Your landlord usually has extra legal responsibilities if the home that you rent is a house in multiple occupation or HMO. The extra rules are there to reduce the risk of fire and to make sure that the people living in shared houses or flats have adequate facilities. Landlords of HMOs must make sure that: Proper fire safety measures are in place, including working smoke alarms; Annual gas safety checks are carried out; The electrics are checked every 5 years; The property is not overcrowded; There are enough cooking and bathroom facilities for the number living there; Communal areas and shared facilities are clean and in good repair; There are enough rubbish bins/bags. Many student properties are classed as HMO’s. An HMO could be a: House split into separate bedsits; Shared house or flat, where the sharers are not members of the same family; Hostel' Bed-and-breakfast hotel that is not just for holidays; Shared accommodation for students; although many hal...
Tue, 13 Jul, 2021 at 8:58 AM
Everything you need to know about accommodation contracts
A contract can be a verbal or written agreement. However, it is much better to have a written than a verbal agreement as this way both parties know what is expected of them. This clarity helps to avoid disputes that might otherwise arise. Types of Contracts in Use: What to Look Out For The type of contract you sign will depend on where you’ll be living: A house, flat or bedsit rented directly from a landlord/agent; A room or flat rented from a university or college or; In the home of an owner to whom you pay rent. Renting from a Landlord or Agent Most landlords or agents use an Assured Shorthold Tenancy Agreement. This is usually for a fixed term of 6 or 12 months; in other words, it has a start date and an end date. If you sign a fixed term contract, you are responsible for paying rent for the full period, regardless of your circumstances. This type of agreement means that you are a tenant and have exclusive possession of the property. The landlord or a...
Tue, 13 Jul, 2021 at 9:02 AM
Frequently Asked Questions about Student Accommodation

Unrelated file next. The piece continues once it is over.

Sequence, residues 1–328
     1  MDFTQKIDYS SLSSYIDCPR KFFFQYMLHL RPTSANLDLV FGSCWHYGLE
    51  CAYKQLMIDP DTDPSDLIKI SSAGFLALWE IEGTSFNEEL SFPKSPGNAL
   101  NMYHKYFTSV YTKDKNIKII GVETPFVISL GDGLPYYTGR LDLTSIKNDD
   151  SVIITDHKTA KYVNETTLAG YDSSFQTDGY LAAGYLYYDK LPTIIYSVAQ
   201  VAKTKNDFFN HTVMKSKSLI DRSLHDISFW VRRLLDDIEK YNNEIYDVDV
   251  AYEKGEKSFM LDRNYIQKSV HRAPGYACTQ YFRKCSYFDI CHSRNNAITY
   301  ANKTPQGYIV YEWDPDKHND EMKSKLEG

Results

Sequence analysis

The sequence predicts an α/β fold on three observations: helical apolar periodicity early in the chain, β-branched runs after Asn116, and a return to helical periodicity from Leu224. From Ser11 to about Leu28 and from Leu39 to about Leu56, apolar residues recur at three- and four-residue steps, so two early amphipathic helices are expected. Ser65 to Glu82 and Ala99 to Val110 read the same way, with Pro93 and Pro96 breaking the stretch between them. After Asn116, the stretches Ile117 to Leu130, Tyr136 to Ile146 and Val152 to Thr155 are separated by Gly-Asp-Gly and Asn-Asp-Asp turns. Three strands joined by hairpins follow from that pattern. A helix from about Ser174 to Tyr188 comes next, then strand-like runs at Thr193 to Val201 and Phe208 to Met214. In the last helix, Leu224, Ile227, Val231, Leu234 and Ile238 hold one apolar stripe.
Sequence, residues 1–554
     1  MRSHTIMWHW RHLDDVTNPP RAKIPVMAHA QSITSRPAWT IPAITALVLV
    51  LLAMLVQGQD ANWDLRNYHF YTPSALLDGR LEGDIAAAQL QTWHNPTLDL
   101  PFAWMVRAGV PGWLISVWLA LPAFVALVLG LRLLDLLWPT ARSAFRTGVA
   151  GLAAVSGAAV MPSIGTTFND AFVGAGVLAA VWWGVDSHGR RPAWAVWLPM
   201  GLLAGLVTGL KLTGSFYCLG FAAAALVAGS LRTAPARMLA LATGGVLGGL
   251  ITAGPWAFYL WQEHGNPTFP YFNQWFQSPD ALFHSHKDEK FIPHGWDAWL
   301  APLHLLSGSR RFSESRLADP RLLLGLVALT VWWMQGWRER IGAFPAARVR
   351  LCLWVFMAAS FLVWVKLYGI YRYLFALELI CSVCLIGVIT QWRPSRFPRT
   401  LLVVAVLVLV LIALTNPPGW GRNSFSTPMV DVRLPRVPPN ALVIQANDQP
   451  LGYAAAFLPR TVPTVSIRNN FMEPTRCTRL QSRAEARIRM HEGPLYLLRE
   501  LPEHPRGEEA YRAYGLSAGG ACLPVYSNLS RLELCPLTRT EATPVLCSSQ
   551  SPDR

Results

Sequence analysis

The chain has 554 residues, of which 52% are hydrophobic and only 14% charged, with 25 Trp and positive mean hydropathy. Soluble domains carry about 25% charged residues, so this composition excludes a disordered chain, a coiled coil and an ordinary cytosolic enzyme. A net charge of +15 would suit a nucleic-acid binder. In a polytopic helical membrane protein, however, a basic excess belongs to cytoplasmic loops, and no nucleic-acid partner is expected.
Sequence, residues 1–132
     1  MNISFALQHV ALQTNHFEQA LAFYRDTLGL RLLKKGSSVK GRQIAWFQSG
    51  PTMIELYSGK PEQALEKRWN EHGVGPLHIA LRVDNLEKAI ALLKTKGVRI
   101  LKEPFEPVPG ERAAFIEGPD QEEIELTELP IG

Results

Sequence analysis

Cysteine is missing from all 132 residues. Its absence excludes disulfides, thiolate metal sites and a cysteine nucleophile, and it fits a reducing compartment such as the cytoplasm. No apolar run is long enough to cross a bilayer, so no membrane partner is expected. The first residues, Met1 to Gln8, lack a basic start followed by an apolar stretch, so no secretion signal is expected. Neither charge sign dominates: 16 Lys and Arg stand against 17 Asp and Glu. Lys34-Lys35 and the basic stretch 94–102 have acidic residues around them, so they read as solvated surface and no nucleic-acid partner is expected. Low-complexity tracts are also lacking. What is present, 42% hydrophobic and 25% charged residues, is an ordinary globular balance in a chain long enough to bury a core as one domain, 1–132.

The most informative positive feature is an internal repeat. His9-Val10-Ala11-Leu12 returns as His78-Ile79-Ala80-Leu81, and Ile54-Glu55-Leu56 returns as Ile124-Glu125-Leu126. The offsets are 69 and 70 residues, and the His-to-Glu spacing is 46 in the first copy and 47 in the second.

I don't like my housemates Q: I don’t get on with my housemates anymore and I want to move out – can I give the landlord or agent notice? A: You must first check your contract. If you have signed a fixed term agreement, then you remain liable/responsible for the rent and you will need to find a replacement tenant. If you are in halls of residence or rent from a larger supplier, you may be able to obtain a transfer to a different room in the same building or another part of their portfolio. This way there is no loss of income to the owner and you get to move away from the problem. If there is a serious household dispute and you feel forced to move out, it is important to seek advice. My housemate has moved out and now we owe their rent Q: We have signed a joint contract but one of our housemates has moved out. The landlord or agent is asking us for the money but we feel the tenant should pay - is this fair? A: Sadly, fairness does not really come into it. The la...
Tue, 13 Jul, 2021 at 9:06 AM
Moving Out of Rented Accommodation
So it's got to that time of year when you have to move out of your student accommodation; a potentially stressful time as you mix socialising and exams with packing your bags TOP TIPS 1. Plan your Departure Make a checklist of everything that needs to be done and by when   2. Move out on Time You do not want to be stuffing things in boxes while the landlord is waiting for the keys   3. Leave the property in good and clean condition You need to clean the property to the same standard as it was when you moved in. This does mean cleaning everything and emptying those cupboards   4. Contact Utility suppliers Take final meter readings on the day you move out and pay any bills so you can close the accounts. Provide suppliers with your forwarding address.   5. Carry Out inventory check with photographs Check your inventory when you move out Try to be there when your landlord or agent does a check out inventory when you move out.  ONCE MOVED OUT ...
Thu, 2 Nov, 2023 at 12:45 PM